Tyler Dorsey wanted to play for the Greek national team at this Summer’s EuroBasket, but after sustaining an injury in July, the Greek American was forced to put his dreams of representing the senior national team at a major tournament on hold.

“I had just sprained my ankle in Summer League so I wasn’t 100 per cent and I probably wouldn’t have been 100 per cent by the time the games started so I just wanted to stay [in America], rehab that, and focus on all the plays and getting adjusted [to the NBA],” Dorsey told Neos Kosmos.

Born in California to an American father and a Greek mother, Dorsey first played for the Greek national team at the Under-19 World Championships in 2015, just three weeks after securing his Greek passport.

He has put on the national team colors for the men’s team in some friendly exhibitions, but given Greece’s depth of veteran guards, Dorsey has missed out on selection for the the past two major tournaments at the Olympics and Eurobasket. Still, as he watched Greece lose to Russia in the Round of 16 at EuroBasket, Dorsey felt like he could have helped the team.

“I definitely felt that [like he could have helped] watching the games, but it was a rough tournament for Greece,” he said.

“They’re definitely gonna bounce back for the Olympics that’s coming up in a couple of years.”

Dorsey certainly has Tokyo 2020 on his mind, and he says that he will “most definitely” try out for the team again, health permitting, but in the meantime, he’s focused on helping the Atlanta Hawks in the NBA this season.

Drafted 41st overall in this June’s draft, Dorsey was immediately given a full endorsement of confidence by the team’s GM, Travis Schlenk, who said that Dorsey had every chance of making the Hawks’ final roster. He did, and was given a fully-guaranteed two-year deal by the GM as a show of faith.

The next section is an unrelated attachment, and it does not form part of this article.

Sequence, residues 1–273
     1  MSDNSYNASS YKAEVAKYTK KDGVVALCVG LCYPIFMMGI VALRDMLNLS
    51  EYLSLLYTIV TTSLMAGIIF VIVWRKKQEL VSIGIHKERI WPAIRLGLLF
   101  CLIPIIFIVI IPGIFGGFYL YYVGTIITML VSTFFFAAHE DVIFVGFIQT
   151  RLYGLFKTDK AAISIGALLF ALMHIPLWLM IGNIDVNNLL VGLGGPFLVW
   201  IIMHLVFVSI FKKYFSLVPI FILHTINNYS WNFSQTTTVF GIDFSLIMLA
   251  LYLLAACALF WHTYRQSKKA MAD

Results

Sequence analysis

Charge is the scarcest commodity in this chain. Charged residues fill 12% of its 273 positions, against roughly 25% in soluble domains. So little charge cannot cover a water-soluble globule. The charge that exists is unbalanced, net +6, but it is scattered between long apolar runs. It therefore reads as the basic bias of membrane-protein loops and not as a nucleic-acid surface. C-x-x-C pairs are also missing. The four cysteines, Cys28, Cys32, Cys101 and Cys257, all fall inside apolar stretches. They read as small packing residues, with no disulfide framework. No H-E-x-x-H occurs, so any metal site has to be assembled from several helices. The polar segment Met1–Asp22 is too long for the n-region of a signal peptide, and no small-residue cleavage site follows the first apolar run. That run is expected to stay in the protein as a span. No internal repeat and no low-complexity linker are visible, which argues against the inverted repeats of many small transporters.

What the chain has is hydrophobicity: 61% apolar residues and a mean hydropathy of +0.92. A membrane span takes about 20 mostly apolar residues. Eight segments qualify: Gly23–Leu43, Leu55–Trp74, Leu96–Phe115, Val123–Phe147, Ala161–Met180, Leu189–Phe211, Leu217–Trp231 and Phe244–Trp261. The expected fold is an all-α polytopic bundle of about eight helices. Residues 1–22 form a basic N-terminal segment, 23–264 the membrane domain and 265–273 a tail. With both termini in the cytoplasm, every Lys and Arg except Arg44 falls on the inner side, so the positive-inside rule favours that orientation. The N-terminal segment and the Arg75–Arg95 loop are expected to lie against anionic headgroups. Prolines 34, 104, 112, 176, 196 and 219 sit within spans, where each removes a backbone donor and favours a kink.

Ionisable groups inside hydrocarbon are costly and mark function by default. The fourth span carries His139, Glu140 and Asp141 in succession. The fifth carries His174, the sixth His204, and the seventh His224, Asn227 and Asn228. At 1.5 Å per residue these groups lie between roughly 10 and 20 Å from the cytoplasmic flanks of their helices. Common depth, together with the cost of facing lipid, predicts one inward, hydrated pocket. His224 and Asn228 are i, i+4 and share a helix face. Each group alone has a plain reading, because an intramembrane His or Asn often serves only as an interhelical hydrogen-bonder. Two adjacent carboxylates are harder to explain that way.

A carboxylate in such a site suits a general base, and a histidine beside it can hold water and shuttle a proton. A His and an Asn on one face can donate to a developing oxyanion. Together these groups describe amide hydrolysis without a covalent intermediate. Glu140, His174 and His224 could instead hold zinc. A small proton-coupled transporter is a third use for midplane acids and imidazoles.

Dorsey may not have played much so far this season, but he maintains the season has been going “smoothly” for him regardless.

“As of right now I haven’t got much [court time] yet, but I’m just here working on my game when I don’t get a lot of minutes and encouraging my teammates,” he said.

“Just cheering all my teammates, and whenever I get an opportunity to get on the court I go out there.”

While at college at Oregon, Dorsey was nicknamed ‘Mr Clutch’ for his clutch play during the NCAA Tournament, but to stick in the NBA long-term, the skilled offensive player is going to have to be able to handle himself on the defensive end as well. “He just has a knack for putting the ball in the basket,” said Hawks coach Mike Budenholzer.

“That’s the positive that stands out. He’s got a lot to develop to grow and develop defensively. There’s a physicality that, when you start playing against NBA-level athletes, what you have to do defensively to get on the court and stay there is a big jump for a lot of young players.
“If he starts to understand how important it is to be committed defensively, more physical defensively, I’m sure he’ll get his chances with us.”

His coaches also praise his maturity. There may be times this season where Dorsey is sent down to the team’s development league affiliate, something he says he is mentally prepared for, but he also credits his time around the Greek national team as helping him understand how to be a professional.

“Just the way they approach the game every day and how professional they are,” he says.

“Trying to pick people’s brains – that’s what I did when I tried out; tried to learn everything. I was in college then, and here I am now [in the NBA] and I’m using those things that I learned. I’m mentally ready for anything this year coming up.”